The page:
Petaluma Profile: Bird ecologist sounds the alarm about disappearing shorebirds

Scott Jennings is trying to understand the declining numbers of migrating shorebirds at Tomales Bay.

Jennings, an avian ecologist from Petaluma, has worked at Audubon Canyon Ranch since 2016. The nonprofit is an environmental conservation organization founded in 1962 in Marin County.

Audubon Canyon Ranch works to protect herons, egrets, waterbirds, and shorebirds in the region. The group’s research goal is to better understand what’s happening to the bird population and determine if conservation efforts need to be stepped up, and if so, how.

“If you happen to be on Tomales Bay at the right time and place, it can seem like there are quite a few shorebirds around,” Jennings said. “But just 30 years ago there were almost three times as many.”

Many people know Tomales Bay for its oysters and for kayaking. But it is also an important wintering destination for migrating shorebirds. The 15-mile-long tidal estuary, formed by the San Andreas Fault, is part of the Pacific Flyway, a chain of habitats that migrating birds use as stopovers or wintering grounds along the west coast of the Americas.

“The birds connect various landscapes along this route,” Jennings said. “The connections between all these species and the different landscapes they travel through are really fascinating and beautiful to me.”

In Tomales Bay alone, dozens of species of shorebirds have been spotted. Many of them travel astonishingly long distances to winter in Tomales Bay or along the west coast of North and Central America. Each summer, some fly to the Arctic tundra. Others navigate their way to particular locations between the Rockies and the Sierra and Cascade ranges where they breed and nest.

“These birds have a tremendous capacity to time the seasons and travel great distances to find food and raise their young,” Jennings said, full of admiration.

In the wintertime, maybe you’ve seen plovers that scuttle back and forth as if chasing the waves on sandy beaches or dunlin that soar in unison in big flocks over the water.

“Some of the shorebirds are tough to tell apart so people just lump them all into one group called ‘peeps,’ because they resemble the marshmallow candies,” said Jennings,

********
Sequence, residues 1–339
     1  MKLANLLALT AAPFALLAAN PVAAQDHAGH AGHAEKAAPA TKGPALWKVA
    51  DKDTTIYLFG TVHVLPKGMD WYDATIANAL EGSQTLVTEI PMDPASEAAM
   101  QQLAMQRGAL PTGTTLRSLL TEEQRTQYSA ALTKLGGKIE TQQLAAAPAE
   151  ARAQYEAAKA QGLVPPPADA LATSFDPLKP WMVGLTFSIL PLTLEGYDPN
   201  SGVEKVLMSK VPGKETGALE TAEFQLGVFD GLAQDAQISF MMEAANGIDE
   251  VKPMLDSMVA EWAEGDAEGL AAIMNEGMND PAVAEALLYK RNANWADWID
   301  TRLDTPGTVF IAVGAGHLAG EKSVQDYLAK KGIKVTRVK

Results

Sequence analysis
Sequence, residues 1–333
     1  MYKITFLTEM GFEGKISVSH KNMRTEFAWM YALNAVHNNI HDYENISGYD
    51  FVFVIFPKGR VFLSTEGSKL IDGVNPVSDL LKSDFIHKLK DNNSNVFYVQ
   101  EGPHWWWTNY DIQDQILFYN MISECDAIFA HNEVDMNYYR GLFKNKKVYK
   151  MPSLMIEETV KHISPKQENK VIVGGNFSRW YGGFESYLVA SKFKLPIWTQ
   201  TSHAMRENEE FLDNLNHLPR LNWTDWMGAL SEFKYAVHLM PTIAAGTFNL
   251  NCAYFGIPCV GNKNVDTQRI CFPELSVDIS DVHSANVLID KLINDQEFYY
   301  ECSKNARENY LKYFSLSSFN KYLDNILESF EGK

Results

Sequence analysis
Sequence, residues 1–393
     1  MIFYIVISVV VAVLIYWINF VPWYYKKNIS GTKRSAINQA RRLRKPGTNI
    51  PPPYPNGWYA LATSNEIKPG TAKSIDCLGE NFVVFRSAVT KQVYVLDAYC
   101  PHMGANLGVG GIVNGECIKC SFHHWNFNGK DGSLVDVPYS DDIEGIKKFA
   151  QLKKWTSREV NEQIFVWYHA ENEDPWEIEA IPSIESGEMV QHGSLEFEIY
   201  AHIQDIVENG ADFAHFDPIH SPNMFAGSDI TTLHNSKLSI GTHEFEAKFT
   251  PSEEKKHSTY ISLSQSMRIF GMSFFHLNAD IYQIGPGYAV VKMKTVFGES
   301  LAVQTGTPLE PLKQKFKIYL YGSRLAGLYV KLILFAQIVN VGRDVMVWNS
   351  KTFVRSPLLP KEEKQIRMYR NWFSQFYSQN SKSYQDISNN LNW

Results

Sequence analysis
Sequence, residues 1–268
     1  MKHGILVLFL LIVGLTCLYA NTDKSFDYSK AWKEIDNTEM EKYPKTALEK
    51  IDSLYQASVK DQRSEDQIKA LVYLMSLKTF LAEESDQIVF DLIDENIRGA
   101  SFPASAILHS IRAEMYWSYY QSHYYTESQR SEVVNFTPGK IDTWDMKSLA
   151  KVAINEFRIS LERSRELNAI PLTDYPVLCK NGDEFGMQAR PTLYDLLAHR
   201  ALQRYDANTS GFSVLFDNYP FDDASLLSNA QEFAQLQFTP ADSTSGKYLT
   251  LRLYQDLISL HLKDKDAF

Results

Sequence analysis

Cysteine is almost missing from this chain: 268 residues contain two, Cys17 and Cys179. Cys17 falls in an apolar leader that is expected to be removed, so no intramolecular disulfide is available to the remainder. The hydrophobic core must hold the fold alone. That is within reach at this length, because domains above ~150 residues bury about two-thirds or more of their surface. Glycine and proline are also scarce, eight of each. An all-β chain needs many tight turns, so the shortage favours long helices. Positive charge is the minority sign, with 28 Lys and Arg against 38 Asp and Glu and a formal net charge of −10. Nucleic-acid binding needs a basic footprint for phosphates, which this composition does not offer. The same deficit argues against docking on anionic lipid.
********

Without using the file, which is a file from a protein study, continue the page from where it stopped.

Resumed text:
With the help of volunteers, scientists at Audubon Canyon Ranch have been counting the shorebird populations for decades, building invaluable long-term data-sets. This is not as easy as it might seem. Imagine identifying and counting thousands of very similar-looking birds that are often found together and are constantly on the move.

“Every winter, we have up to 15 teams of one to three observers, each going out to assigned sections of likely shorebird habitat along Tomales Bay,” Jennings said, describing the tightly orchestrated counts he helps organize between November and February.

After studying vertebrate ecology and conservation biology at UC Santa Cruz, Jennings took a position as a field biologist and Avian Ecologist at Petaluma’s Point Blue Conservation Science. He earned his masters degree at Oregon State University, where his graduate work looked at food sources and survival of Adélie penguin chicks.

When Jennings is not counting birds, he is crunching numbers, analyzing the data researchers have collected. Even after accounting for rainfall that can impact where shorebirds forage, or predators that sometimes eat them — and for the 2008 restoration of parts of the Tomales Bay estuary — the graphs Jennings’ team have produced show a steep decline in most of the shorebird species they’ve been monitoring.

“In Tomales Bay, the shorebird population is down by 66%,” Jennings said. “In terms of numbers, the biggest losers were dunlin and western sandpipers.”

Both these species travel long distances to breed in the Arctic tundra during the summer. The San Francisco Bay, including Tomales Bay, is the largest estuary on the West Coast and is internationally recognized as a biodiversity hotspot. But this status has done little to protect migratory habitats, which are rapidly being degraded by development, industrial operations, and recreational activities.

“These migration paths are subject to a whole range of landscape changes that humans have made,” Jennings said.

Although local restoration efforts in Tomales Bay may have helped some bird species, so far, they’ve done little to stop the overall decline of migrating shorebirds. Conservation of migratory birds is particularly challenging, Jennings explained, because they travel such long distances with so many threats along the way.

“Ecology is complex. Effective conservation of local birds must be linked with regional/global efforts,” Jennings’ team reported recently in the journal “Ornithological Applications,” noting that isolated, relatively small habitat projects in single locations might not be enough to reverse overall negative population trends.

“There has to be regional and continent-wide collaboration on conservation efforts,” he said, “to improve habitat availability and quality across the entire range of these migratory species, if we are to reverse the negative trends.”

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